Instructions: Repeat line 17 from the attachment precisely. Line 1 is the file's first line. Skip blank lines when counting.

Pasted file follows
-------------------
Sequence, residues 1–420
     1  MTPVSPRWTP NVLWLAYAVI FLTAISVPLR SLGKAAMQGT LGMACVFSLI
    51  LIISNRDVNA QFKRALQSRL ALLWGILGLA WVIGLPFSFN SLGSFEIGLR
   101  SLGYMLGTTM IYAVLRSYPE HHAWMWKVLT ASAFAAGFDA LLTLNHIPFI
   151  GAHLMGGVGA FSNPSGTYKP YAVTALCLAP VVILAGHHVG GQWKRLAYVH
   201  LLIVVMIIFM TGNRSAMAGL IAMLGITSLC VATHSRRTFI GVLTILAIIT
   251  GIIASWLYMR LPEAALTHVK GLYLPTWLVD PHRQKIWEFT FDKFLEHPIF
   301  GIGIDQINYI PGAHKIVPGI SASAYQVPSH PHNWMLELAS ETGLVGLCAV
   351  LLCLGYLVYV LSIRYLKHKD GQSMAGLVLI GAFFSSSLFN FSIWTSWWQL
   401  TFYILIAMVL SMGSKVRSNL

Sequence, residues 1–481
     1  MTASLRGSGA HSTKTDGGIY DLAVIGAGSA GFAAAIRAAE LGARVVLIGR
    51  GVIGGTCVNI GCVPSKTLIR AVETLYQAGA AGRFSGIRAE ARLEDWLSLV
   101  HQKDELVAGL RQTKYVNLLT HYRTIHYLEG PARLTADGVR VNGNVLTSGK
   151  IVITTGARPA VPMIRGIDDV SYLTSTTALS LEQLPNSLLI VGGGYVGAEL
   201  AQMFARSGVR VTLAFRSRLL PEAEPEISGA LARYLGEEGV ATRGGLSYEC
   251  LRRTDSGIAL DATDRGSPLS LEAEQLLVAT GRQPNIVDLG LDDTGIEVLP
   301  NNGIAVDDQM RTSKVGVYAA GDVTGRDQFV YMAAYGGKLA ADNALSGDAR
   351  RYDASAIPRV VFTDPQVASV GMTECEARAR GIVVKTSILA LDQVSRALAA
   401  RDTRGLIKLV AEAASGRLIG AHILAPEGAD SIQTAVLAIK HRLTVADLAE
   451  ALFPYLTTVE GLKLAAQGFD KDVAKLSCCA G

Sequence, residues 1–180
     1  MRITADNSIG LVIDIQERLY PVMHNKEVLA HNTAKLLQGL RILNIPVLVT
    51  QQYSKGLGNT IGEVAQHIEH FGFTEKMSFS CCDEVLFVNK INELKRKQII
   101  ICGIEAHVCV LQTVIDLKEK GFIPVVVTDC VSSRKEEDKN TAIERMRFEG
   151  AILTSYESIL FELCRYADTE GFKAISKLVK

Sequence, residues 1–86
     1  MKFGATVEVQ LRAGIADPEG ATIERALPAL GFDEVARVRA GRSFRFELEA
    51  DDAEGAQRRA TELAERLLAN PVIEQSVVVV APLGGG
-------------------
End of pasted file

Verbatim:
   251  LRRTDSGIAL DATDRGSPLS LEAEQLLVAT GRQPNIVDLG LDDTGIEVLP